This article forms part of our Profit Players feature series, which is where Football Transfer Tavern takes a look at how well a player has fared since being signed or sold, using statistical figures and statements from pundits to prove how good of a deal the club managed to achieve.
Generally, a football club would only normally purchase a player to try and help improve their squad and would likely give them at least an opportunity within the first team. That would appear to have been the plan for Chelsea when they signed Michael Hector from Reading in 2015.
The Jamaica international was brought to the club from the Royals in a deal worth around £4m to bolster Jose Mourinho’s options at the back as there were concerns about how leaky the defence had become, although the centre-back did remain at his previous employers on loan for the remainder of the season (BBC).
Perhaps, there was a belief that if Hector managed to perform well with Reading in the Championship that year, he would be able to make the step up and become an important member of the Blues’ squad. Well, it would seem Chelsea never actually got to find out.
Despite being a member of the Stamford Bridge roster for four years, the now-27-year-old has featured exactly zero times for the west London outfit in competitive fixtures.
Indeed, Hector would spend time at Eintracht Frankfurt, before coming back to England and playing for Hull City and Sheffield Wednesday as he continued to get on with his footballing career away from Stamford Bridge.
On the face of things, it certainly would not appear to have been £4m well spent by Chelsea. However, that all changed in September, as the Blues somehow managed to double their money with the centre-back as they managed to sell him to neighbourhood rivals Fulham for £8m (although he cannot play for them until January 2020).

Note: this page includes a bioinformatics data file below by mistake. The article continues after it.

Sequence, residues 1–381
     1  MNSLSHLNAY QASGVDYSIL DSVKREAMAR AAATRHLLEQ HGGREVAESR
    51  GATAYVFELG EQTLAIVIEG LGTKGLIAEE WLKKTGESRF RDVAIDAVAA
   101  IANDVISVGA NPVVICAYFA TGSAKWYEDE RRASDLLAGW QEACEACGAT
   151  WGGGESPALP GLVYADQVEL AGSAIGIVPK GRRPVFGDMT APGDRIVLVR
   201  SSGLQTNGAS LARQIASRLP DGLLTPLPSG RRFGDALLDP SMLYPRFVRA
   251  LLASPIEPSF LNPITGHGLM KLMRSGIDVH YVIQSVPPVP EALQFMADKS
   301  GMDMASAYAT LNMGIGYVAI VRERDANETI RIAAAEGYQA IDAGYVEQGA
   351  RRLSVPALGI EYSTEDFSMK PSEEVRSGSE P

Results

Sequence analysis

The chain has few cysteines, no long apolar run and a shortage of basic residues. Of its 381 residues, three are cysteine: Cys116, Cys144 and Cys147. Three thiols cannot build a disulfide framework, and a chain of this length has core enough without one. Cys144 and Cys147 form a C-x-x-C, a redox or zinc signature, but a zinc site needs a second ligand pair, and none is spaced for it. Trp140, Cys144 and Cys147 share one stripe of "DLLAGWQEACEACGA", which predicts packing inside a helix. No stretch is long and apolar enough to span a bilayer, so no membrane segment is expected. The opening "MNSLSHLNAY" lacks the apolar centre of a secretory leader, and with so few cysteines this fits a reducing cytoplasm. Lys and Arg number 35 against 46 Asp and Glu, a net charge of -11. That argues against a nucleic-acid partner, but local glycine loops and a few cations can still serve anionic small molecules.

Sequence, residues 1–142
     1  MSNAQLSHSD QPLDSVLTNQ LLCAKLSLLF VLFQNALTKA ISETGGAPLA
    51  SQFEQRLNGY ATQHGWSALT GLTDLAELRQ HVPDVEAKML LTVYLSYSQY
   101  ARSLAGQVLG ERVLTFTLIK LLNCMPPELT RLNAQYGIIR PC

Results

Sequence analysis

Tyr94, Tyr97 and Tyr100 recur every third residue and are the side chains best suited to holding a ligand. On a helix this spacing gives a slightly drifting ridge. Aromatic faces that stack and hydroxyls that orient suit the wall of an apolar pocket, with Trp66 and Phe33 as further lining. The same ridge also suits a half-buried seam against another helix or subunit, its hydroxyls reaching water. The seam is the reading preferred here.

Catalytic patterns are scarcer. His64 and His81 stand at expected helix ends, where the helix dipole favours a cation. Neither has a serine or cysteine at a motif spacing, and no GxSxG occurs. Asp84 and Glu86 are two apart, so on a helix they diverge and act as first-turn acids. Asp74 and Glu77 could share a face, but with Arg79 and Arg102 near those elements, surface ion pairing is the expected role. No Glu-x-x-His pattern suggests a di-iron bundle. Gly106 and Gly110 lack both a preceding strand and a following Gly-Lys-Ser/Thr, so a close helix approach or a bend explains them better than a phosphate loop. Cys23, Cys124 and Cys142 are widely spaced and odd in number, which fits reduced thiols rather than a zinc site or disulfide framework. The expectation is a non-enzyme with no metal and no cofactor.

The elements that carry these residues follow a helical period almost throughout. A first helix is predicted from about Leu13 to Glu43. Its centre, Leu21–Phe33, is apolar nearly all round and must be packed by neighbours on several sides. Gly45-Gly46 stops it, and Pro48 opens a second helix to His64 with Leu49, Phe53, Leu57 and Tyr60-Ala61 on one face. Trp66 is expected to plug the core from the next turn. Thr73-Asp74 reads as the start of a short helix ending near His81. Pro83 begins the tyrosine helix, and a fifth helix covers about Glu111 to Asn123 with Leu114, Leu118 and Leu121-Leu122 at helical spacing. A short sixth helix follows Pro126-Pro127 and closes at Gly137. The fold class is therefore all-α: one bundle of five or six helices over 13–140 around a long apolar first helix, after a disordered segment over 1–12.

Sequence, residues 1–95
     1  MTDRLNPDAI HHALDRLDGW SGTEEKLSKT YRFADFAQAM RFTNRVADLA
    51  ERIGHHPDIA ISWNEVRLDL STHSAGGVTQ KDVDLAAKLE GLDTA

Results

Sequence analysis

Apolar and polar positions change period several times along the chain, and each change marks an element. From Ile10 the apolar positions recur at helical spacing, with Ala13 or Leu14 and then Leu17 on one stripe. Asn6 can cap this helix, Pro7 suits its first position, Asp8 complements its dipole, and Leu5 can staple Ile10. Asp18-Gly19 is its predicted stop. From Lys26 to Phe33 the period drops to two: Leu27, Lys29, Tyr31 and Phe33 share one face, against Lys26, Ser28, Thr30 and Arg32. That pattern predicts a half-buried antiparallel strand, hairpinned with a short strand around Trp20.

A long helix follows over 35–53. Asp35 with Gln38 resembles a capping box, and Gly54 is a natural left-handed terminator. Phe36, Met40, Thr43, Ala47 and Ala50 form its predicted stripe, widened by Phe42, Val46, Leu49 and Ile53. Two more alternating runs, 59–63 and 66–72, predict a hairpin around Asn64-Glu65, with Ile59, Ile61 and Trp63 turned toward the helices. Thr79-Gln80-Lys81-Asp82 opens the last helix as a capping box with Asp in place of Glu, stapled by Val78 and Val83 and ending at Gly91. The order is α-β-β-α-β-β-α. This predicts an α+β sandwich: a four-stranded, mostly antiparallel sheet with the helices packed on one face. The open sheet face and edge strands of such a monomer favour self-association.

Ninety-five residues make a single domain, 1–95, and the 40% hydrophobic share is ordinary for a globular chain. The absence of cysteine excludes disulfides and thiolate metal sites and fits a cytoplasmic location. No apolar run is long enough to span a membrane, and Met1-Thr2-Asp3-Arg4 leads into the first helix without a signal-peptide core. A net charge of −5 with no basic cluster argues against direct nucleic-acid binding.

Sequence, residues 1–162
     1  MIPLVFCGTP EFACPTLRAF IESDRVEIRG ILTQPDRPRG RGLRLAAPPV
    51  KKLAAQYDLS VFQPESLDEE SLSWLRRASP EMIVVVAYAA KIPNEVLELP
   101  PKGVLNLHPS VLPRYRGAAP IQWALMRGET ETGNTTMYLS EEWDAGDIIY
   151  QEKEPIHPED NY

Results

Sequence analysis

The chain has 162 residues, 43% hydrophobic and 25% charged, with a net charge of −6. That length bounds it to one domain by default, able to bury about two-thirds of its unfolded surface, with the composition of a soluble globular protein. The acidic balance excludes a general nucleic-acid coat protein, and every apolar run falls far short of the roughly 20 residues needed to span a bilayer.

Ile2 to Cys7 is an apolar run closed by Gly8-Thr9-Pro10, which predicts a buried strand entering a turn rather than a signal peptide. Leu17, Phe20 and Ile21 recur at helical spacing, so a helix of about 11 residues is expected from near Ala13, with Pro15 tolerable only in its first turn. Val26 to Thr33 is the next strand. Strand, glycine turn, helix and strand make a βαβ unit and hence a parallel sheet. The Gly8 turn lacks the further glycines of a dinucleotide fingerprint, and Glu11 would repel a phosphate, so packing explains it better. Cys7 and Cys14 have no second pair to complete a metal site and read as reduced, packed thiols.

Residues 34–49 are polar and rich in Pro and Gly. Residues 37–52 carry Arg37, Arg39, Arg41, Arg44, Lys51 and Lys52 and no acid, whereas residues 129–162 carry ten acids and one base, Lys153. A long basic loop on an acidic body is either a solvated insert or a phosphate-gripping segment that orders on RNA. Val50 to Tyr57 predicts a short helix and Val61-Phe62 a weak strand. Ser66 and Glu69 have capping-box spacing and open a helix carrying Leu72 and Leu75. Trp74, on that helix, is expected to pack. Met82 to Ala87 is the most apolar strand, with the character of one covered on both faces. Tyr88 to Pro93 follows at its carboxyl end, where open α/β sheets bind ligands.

That appears to have been a massive sum of money to be handed over considering, arguably, his career at SW6 was stagnating and hardly going anywhere as clubs would, perhaps, look to cut their losses and look to shift them on.
The fact that the Blues managed to get £8m is also astonishing considering his market value (as per Transfermarkt) was one that was not considered to be anywhere close to the value he was sold at.
When Chelsea purchased him, Hector was estimated to be worth around £675k, although that quickly shot up to £2.7m and then £3.6m following his time in the Bundesliga with Frankfurt. However, since returning to England, he went back to £2.7m and never moved from that valuation despite his loan spells at Hull and Sheffield Wednesday.
Gaining £4m profit and never having to play him in a competitive match whilst on the books, the Blues did extremely well to double their money on what appeared to be a flop of a transfer.
Chelsea fans, how well did the Blues do to make a profit on Hector? Let us know your thoughts by sharing them in the comments section below!
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